There’s nothing better than playing competitively. It’s so great to be back playing matches again, matches that matter in one way or another. I love the fact that we’re back playing and trying to beat each other. It’s much better than training sets. It’s official here and there’s an umpire in the chair. It’s the perfect competition for dipping your toe in the water again.
It’s not easy to get started again and I don’t have any expectations about how well I’m going to play. I’m just aiming to get back in that competitive groove again, to experience how it feels, the emotions of playing break and set points, though I don’t have any expectations in terms of results. And it’s not quite like playing on the tour because there are no spectators and no ball boys and girls, which can sometimes create a false rhythm when you’re playing.
I’m not making excuses though. We’re all delighted to be here. I want to thank the French Tennis Federation for setting everything up for us. This is what we all expected to find when we came here and it’s helped us to get back into what we do. I know the road is long and that this is just the start. I’ve come here feeling calm and with my feet firmly on the ground. I want to give myself some time.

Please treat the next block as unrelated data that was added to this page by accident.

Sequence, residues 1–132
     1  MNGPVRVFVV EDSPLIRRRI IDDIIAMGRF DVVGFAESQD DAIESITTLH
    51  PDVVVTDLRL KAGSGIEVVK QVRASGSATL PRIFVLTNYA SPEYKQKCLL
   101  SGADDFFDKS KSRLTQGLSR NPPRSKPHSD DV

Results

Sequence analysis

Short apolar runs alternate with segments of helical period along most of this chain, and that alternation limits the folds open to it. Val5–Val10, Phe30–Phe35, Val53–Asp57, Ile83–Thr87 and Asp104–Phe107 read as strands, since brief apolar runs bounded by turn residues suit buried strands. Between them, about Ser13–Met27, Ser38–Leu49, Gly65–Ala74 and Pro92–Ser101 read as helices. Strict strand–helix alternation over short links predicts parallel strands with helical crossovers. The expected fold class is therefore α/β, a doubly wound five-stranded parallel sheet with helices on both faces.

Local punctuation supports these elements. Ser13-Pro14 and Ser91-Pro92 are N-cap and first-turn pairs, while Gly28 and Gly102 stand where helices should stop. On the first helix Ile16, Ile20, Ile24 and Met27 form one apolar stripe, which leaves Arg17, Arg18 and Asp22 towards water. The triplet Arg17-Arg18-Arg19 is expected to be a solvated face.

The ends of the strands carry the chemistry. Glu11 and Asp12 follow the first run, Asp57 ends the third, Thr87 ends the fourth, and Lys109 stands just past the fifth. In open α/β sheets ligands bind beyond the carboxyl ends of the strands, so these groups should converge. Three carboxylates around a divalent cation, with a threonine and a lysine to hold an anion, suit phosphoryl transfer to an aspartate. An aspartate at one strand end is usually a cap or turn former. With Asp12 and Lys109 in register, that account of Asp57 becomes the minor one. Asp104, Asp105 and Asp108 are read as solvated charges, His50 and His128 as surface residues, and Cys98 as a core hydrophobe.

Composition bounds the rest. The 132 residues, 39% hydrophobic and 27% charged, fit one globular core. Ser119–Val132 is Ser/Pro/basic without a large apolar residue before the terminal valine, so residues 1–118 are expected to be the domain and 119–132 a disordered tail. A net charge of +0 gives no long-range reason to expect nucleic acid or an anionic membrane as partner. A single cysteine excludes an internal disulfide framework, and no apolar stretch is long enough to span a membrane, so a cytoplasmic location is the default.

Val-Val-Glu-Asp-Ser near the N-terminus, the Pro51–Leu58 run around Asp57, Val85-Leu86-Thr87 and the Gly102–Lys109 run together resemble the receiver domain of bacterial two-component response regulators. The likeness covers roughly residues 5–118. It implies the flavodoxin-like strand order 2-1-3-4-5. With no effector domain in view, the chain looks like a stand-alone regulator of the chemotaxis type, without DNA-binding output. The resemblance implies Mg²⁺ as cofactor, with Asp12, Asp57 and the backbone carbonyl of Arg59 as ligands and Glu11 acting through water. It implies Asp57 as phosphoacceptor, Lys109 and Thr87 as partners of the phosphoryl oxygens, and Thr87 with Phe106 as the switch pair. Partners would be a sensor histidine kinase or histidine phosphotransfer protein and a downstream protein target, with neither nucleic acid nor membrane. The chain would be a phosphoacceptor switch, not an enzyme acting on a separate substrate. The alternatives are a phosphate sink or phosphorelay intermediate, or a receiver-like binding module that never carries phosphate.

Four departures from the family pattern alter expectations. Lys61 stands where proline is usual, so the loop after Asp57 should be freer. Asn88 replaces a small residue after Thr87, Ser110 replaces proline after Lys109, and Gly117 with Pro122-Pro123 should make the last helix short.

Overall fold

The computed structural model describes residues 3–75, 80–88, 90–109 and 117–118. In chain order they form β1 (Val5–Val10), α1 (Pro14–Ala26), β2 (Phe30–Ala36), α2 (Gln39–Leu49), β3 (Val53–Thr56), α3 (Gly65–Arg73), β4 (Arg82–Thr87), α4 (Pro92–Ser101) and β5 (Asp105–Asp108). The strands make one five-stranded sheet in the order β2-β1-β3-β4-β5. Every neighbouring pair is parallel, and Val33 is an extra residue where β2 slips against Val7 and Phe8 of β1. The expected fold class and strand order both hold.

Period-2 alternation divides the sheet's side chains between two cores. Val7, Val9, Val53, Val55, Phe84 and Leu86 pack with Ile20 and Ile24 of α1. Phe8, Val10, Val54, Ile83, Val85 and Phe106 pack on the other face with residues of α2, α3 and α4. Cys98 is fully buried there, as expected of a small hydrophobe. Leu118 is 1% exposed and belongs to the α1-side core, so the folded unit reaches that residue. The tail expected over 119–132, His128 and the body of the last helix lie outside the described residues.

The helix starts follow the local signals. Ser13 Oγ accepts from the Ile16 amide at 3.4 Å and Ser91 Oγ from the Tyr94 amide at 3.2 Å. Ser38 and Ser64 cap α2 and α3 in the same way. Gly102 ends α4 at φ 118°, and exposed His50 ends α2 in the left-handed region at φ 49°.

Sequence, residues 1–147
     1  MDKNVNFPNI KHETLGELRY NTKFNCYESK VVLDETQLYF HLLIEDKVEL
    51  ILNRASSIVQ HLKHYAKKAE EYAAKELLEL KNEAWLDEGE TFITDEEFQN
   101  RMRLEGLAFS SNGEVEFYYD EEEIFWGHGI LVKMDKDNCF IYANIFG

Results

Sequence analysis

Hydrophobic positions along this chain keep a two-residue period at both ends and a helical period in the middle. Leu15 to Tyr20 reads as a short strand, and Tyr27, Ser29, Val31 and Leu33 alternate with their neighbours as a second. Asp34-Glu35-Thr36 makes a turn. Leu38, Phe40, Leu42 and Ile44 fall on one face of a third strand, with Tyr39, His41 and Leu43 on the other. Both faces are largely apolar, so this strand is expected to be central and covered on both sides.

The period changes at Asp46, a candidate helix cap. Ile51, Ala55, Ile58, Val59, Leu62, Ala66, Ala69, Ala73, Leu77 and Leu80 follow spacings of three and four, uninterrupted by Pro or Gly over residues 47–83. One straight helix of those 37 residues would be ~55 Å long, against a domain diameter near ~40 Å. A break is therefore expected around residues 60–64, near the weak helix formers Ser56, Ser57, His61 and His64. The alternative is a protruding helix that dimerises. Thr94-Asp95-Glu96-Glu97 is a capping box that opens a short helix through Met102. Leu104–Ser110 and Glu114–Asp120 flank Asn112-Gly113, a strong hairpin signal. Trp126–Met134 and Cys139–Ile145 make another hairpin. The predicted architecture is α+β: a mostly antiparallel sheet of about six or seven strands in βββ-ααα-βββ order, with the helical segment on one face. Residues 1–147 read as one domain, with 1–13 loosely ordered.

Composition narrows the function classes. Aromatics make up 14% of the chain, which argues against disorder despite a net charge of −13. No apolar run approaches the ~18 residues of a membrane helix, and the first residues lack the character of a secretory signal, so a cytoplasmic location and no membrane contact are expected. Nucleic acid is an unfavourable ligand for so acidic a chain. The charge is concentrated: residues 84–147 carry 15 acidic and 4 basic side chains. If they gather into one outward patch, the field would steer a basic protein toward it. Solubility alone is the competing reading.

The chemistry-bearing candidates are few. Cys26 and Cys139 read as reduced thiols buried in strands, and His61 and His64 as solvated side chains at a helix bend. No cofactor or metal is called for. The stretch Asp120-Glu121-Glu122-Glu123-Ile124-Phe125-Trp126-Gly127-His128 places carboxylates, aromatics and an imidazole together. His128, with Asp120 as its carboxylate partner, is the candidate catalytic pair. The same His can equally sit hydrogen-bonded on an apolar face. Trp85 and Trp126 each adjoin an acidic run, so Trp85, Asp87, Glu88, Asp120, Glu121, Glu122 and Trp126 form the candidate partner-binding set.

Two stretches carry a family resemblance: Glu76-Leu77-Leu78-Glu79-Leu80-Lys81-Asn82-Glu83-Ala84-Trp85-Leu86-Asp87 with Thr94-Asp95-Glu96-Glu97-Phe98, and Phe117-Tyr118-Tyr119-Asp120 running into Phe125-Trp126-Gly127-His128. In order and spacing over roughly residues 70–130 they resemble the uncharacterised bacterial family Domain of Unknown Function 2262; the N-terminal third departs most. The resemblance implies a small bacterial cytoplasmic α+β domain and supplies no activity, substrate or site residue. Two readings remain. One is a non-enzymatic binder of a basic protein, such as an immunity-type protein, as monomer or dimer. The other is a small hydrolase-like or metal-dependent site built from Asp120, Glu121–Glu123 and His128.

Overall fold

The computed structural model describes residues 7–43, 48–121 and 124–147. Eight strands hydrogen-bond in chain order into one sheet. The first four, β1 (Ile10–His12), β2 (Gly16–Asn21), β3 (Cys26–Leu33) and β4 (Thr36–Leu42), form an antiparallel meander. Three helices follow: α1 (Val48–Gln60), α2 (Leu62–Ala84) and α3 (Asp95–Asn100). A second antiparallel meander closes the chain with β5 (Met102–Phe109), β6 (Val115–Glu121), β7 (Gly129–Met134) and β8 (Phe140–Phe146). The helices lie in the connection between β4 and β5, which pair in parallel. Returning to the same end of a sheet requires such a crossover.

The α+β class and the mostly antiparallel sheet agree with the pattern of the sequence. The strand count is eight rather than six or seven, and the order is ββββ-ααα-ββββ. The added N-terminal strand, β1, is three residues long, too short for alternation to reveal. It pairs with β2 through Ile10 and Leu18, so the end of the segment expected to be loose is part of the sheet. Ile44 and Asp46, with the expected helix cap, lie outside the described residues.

How much are you looking forward to playing in some big tournaments again in the coming weeks, Roland-Garros among them?
When you’re a competitor, that’s what you live for. They’re even hoping to have crowds at Roland, which is very motivating. I never thought for a second that everything would be cancelled in 2020. There is still a lot of uncertainty on the health front, of course, and tennis is a sport that goes from venue to venue, with players who come from all over the world. But the feeling I get here in Nice is that it’s the start of something. It’s all about being patient and positive. Those are the two key words for me right now.
Can you picture yourself on the Court Philippe-Chatrier in October?
Yes. After everything we’ve been through, that’s something I really want to believe. And that’s why I’ve been working every day during lockdown. In a few months’ time I could be there at Roland playing an important and exciting match. It’s a nice thing to think about and it makes me want to get out there. But even now that desire to be on court and the joy I get from it are real. It shows me how much I love tennis.